Speaking at the launch, Finance Minister Mangala Samaraweera noted that the number of three-wheelers in Sri Lanka has increased eight-fold since the year 2000. The fuel consumption per person has increased from 90 liters to 150 liters during the same time, he observed. In 2017, Sri Lanka spent nearly $ 3.5 billion to import fossil fuels for the generation of electricity and transportation, which is equivalent to around 4% of GDP. He emphasized that Sri Lanka, therefore, needs a long-term sustainable solution to mitigate the negative environmental consequences that have arisen as well as a solution to minimize the foreign exchange outflows from the country.
“The import taxes on a diesel three-wheeler will be increased by Rs. 50,000 to encourage the transition to environmentally friendly alternatives. Furthermore, under the Enterprise Sri Lanka credit schemes, the Ministry of Finance will incorporate a subsidized loan scheme to enable three-wheeler drivers to invest in a multitude of additional services, including meters, Wi-Fi, and GPS facilities, that would act as value-added services that are already provided to consumers; both domestic and tourists. We are also developing a proposal to encourage entrepreneurship amongst the spouses of three-wheeler drivers,” he said.
With over one million three-wheeler drivers in Sri Lanka, the three-wheeler industry has become a major sector of the country. The ‘Sri Lankan tuk’ has transformed into an icon as it is used in myriad aspects. It is an affordable means of transport for small businesses, providing last mile connectivity for small and medium enterprises and entrepreneurs. Three-wheelers are a means of affordable private transportation as well, and is increasingly popular in the tourism industry, the Minister added.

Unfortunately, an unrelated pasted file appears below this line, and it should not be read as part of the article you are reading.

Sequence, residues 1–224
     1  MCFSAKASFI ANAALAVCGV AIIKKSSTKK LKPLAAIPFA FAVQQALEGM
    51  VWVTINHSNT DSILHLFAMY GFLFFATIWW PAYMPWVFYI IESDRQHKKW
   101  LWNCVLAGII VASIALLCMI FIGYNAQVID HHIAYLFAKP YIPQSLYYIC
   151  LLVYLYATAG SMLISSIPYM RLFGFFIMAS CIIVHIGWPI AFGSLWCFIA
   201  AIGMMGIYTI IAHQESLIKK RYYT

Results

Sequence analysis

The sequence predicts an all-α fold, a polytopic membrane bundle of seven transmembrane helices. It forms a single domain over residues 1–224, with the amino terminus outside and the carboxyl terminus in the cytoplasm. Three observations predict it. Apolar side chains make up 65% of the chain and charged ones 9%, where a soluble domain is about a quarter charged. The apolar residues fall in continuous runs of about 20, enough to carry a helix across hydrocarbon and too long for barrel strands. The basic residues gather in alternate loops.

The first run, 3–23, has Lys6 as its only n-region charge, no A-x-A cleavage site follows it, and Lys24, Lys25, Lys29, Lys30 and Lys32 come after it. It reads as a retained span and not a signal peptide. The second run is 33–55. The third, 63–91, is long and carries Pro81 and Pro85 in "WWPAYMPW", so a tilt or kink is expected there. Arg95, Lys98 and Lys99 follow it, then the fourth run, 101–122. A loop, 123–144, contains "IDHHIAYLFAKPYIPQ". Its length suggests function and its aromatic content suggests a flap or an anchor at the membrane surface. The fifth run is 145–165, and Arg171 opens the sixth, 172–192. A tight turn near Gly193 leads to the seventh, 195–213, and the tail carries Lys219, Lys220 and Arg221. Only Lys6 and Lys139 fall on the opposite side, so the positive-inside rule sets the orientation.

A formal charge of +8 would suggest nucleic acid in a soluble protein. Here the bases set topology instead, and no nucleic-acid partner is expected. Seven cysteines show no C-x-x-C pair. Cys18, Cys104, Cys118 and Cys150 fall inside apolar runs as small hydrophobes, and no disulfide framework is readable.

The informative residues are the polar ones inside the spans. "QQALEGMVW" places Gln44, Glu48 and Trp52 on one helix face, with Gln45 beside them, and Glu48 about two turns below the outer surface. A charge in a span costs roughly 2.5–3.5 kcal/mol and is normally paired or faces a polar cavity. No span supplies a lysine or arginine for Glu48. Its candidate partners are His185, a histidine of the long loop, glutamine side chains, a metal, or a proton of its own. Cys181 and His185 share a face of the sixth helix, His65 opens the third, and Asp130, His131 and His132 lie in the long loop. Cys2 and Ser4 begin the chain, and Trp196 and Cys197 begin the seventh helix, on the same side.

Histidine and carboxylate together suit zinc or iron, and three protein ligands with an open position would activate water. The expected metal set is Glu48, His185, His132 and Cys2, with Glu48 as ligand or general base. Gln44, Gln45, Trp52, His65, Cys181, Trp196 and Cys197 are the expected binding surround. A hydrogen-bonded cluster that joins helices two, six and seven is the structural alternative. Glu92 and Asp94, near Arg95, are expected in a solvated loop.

“As such, the Government of Sri Lanka has recognized the importance of this sector to the economy and intends to further empower those involved in the industry. One such example is from the 2018 budget, where we conceived the ‘tourist friendly tuk-tuk’ concept in collaboration with the hospitality industry. This program provides for existing three-wheeler drivers to register with the SLTDA so that a three-wheeler would not only be a mode of transportation but enables the driver to serve as a local tour guide as well. This policy was initiated to create a win-win situation for all stakeholders involved and improve the quality of services provided in the tourism industry. I am pleased to announce that the implementation is progressing well and thus far, 589 drivers have undergone training.”
The Minister stated that he was encouraged by the electric three-wheeler developed by Japan-Sri Lanka Comprehensive Partnership secretariat and T-PLAN, which is considered to have incorporated cutting-edge technology into the industry.
“I understand that the first batch of electric three-wheelers manufactured in Sri Lanka will be ready by mid-2020, in time for the 2020 Tokyo Olympics. It is very exciting to hear that T-PLAN hopes to export the Sri Lankan made electric vehicles to Japan. This would be the first of many technology transfer projects that are currently being incubated by the Japan Sri Lanka Comprehensive Partnership secretariat.”
Courtesy of Dailynews.lk